Obituary: Professor Samuel Finer

Dennis Kavanagh
Thursday 10 June 1993 23:02

Samuel Edward Finer, political scientist: born 22 September 1915; Lecturer in Politics, Balliol College, Oxford 1946-49, Junior Research Fellow 1949-50; Professor of Political Institutions, Keele University 1950-66; Chairman, Political Studies Association of UK 1965-69; Professor of Government, Manchester University 1966-74; Gladstone Professor of Government and Public Administration, Oxford University 1974-82 (Emeritus); FBA 1982; married 1949 Ann McFadyean (two sons, one daughter; marriage dissolved 1975), 1977 Catherine Jones; died Oxford 9 June 1993.

SAMUEL FINER was one of the giants of post-war British political science. His university career started in 1946 as a lecturer and then junior research fellow in politics at Balliol College, Oxford, and ended with his retirement as Gladstone Professor at Oxford in 1982. These years saw a significant expansion of political science in universities. Sammy Finer was a key figure in developing new fields of research and in influencing appointments to university chairs of politics in the 1960s and 1970s.

In 1950 Finer was appointed founding Professor of Politics at the new Keele University and was later Deputy Vice-Chancellor. In 1966 he moved to a large but then depleted Department of Government at Manchester University. Under WJM Mackenzie this had been an outstanding department but was badly hit by the promotion of many of its lecturers to chairs in the new universities. Finer succeeded in rebuilding it. In 1974, aged 59, he moved to All Souls College, Oxford, to become the Gladstone Professor of Government and Public Administration.

Finer will long be remembered for his many fine books and articles. His books on comparative government and on British politics were a staple diet for thousands of British and American undergraduates in the 1960s and 1970s. For sheer readability and learning they put most other texts in the shade. But he was first and foremost a teacher. He had remarkable gifts for exposition, for organising material, putting the familiar in an original light, and speaking in vivid language. He would mix contemporary slang with classical allusions and references to foreign authors. It is a high compliment to say that he wrote as well as he spoke.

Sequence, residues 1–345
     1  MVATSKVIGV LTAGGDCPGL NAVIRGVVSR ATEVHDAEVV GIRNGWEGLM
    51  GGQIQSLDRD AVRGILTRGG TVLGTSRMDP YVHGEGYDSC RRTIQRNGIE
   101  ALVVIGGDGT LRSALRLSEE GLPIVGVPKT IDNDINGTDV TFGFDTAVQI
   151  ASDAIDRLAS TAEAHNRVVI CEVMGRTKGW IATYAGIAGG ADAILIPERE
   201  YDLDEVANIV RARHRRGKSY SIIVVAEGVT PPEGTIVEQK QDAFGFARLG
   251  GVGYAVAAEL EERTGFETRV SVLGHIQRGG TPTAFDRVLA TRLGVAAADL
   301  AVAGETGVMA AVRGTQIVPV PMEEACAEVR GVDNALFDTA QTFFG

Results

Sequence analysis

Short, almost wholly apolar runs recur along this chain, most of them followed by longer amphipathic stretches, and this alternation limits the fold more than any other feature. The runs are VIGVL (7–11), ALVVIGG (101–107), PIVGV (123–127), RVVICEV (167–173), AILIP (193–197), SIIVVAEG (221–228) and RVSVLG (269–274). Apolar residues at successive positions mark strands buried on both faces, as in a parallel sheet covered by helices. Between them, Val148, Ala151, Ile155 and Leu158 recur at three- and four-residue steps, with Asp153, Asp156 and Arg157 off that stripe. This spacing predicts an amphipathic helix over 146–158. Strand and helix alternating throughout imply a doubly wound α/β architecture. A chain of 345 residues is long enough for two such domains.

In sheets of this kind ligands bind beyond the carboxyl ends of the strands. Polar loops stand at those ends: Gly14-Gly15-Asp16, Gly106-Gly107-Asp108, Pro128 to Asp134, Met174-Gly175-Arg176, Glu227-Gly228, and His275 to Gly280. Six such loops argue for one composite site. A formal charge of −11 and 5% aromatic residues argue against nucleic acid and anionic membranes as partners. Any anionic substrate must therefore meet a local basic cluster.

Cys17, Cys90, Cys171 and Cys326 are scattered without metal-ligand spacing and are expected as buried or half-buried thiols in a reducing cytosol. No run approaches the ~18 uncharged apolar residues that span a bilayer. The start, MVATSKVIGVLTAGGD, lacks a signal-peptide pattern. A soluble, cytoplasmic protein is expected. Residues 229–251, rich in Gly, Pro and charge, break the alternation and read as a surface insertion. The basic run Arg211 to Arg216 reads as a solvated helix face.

His parents, Max and Fanny, came to England from Romania in 1900 and ran a market stall in Islington. Sammy was the last born, in 1915, and was a late addition to two brothers and three sisters. The main influence in his childhood was his brother Herman, 18 years his senior. Herman was a brilliant lecturer at the London School of Economics and eventually moved to the University of Chicago. His book Theory and Practice of Modern Government (1932) was a landmark text. At the age of seven Sammy replied to a question about his future: 'I want to be like my brother.' As a child Sammy never forgot his mother's warning: 'You are poor and Jewish and you will always have to work hard.'

Sammy attended Holloway Grammar School. He looked back on his education with great fondness and made sure that his children later attended state schools. He gained a scholarship to Trinity College, Oxford, took a First in PPE in 1937, and then repeated the triumph in Modern History the following year.

After six years' war service his academic career began at Balliol - 'I was a brilliant young man.' He built up the politics departments at Keele and then at Manchester into excellent centres of research. Primarily he did this not by setting up team projects or getting large grants, as an American professor would have done, but by appointing bright people and encouraging them to get on with their work.

Finer's work was strengthened by his background in history. He was dismissive of the idea that there could be a pure science of politics; so often, it achieved only 'an empty set of mechanical calculations'. History was important for perspective, for judgement, for context and simply for knowledge. A discussion with him could be like arguing with a data bank - he had so much knowledge from his wide reading and his remarkable memory.

His early works covered public administration, local government and a magisterial Life and Times of Sir Edwin Chadwick (1952). At Keele he did pioneering work (with his colleagues David Bartholomew and Hugh Berrington) on the behaviour of parliamentary backbenchers; provided the first complete study of British pressure groups, Anonymous Empire (1958); and edited the writings of the political theorist Abbe Sieyes and the sociologist Vilfredo Pareto. He was one of the first to see the significance of the phenomena of military intervention in newly independent states. His Man on Horseback (1962) has recently been reissued. In 1970 he published his classic 600-page text, Comparative Government, based on his lecture course at Keele and at Manchester. It has gone through several reprints. At Oxford he completed important studies of the British party system and the electoral system. All the time he was turning out scholarly articles, contributions to books, talks and opinion pieces, as well as holding numerous visiting professorships overseas.